After AI broke down their keyboard stands, Ms. Nilsson, who had been sitting at the window seat watching the show, in between the occasional puff outside, jacked her Mac Book Pro into the PA, tested mike levels for about 30 seconds and was ready to “rock” in about as much time as it took to write this this sentence! Her lush, atmospheric music is like Enya minus the pomposity; salvaging the melodic hooks but dumping the overkill. Ms. Nilsson’s vocals are delightfully sonorous and she gamely avoids sounding excessively girlish, opting instead for a less sepulchral Nico. There’s an overriding melancholy at work, but there’s definitely a light at the end of her tunnel. Maybe even at the middle. Another female singer who is perhaps closer to the mark of comparison is Susan Ottaviano of Book Of Love. But Ms. Nilsson’s music sounds nothing like the nursery rhymes for adults that BOL specialized in.
She has some excellent new material from her “History” album, which I was happy to buy at the merch table following the show. “Hotel Home” is a plaintive ode to an artist’s life in travel and quite frankly “I Hope You Die” is one of the best songs I’ve heard all year! The paradoxical lyrics are a stellar example of a love song that I can really get behind! Her material has a monochrome feel, with a deliberately restricted sonic palette which brings focus on the strong material and singing. I can’t wait to get some of her earlier music but until then, please enjoy the video from 2010’s “Follow The Light” as placed on Vimeo by the clip’s director, Fjodor Donderer, as seen at the end of this post. Why not see Ms. Nilsson perform when she hits your town? She’s offering music full of melody, dignity, and slightly insular melancholy. The next time she’s in your town you’ll be paying a lot more to see her. Here’s her immediate trajectory below.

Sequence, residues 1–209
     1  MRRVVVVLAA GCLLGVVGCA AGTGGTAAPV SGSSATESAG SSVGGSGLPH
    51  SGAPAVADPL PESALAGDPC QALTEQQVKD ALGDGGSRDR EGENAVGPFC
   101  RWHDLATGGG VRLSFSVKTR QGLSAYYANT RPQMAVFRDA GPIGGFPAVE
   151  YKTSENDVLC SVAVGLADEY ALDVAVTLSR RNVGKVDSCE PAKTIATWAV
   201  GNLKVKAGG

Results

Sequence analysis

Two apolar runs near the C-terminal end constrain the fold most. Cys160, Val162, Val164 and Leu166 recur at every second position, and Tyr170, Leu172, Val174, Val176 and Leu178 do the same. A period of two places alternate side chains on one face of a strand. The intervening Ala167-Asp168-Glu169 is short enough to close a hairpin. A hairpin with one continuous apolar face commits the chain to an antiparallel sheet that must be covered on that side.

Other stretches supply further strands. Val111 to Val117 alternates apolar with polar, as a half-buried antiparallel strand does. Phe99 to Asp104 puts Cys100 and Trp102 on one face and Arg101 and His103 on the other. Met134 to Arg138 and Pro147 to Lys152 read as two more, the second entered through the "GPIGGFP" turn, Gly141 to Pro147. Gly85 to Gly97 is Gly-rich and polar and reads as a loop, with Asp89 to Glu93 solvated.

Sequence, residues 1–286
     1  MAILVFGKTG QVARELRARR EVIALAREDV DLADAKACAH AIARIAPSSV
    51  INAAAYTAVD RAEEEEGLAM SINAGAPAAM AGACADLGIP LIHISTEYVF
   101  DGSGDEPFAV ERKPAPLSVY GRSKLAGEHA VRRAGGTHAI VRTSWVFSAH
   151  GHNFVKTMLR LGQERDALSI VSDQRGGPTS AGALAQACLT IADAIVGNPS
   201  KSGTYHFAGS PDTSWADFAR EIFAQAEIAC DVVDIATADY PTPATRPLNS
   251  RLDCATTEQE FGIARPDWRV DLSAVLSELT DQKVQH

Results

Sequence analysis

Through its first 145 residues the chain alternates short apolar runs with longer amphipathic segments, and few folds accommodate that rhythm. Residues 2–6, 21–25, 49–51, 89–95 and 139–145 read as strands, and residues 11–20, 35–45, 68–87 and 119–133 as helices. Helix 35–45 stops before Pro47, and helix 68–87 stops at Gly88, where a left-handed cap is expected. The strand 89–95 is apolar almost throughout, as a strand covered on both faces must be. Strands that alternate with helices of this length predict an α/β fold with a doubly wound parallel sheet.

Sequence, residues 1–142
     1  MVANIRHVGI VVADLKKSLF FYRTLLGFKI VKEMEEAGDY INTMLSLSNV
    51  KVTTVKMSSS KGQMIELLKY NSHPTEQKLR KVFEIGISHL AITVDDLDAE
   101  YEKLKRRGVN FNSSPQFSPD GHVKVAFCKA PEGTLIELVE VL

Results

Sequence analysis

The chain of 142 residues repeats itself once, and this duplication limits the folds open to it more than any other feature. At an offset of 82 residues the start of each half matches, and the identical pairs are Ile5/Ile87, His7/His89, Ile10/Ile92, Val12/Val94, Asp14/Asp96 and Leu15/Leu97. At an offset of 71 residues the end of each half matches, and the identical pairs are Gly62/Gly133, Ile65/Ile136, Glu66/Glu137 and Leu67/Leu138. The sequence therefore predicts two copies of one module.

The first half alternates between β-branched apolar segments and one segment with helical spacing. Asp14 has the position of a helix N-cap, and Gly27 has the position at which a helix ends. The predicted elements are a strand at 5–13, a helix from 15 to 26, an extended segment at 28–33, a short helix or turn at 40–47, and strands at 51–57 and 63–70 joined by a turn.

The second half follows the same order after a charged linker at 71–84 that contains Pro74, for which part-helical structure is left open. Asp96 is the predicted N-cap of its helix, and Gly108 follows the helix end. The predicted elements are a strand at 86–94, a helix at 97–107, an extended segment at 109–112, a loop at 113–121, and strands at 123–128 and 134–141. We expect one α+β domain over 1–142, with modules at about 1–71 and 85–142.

Molly Nilsson Fall 2012 Tourdates
17 September 2012 | Savannah, GA | The Sparetime
18 September 2012 | Atlanta, GA | 529
19 September 2012 | Miami, FL | Churchill’s Pub
21 September 2012 | Orlando, FL | Will’s Pub
26 September 2012 | Lawrence, KS | SeedCo Studios
27 September 2012 | Kansas City, MO | KAW Collective
29 September 2012 | Minneapolis, MN | First Avenue & the 7th Street Entry
1 October 2012 | Chicago, IL | Empty Bottle
2 October 2012 | Detroit, MI | M.U.G.
3 October 2012 | Lakewood, OH | Mahall’s
5 October 2012 | Toronto, ON | Double Double Land
6 October 2012 | Montreal, QC | La Elastica
11 October 2012 | Vancouver, BC | The Waldorf
13 October 2012 | Seattle, WA | Fantagraphics Bookstore
14 October 2012 | Portland, OR | Rottture
15 October 2012 | San Francisco, CA | Brick and Mortar
18 October 2012 | Costa Mesa, CA | Detroit Bar
19 October 2012 | Los Angeles, CA | Punky Reggae
21 October 2012 | San Diego, CA | Soda Bar
28 October 2012 | NYC, NY | Glasslands
21 November 2012 | Zürich, | Switzerland Zukunft
22 November 2012 | Düdingen, | Switzerland TBA
23 November 2012 | Lausanne, | Switzerland Le Bourg
1 December 2012 | Moscow, Russian Federation | Scandinavian Wave
– 30 –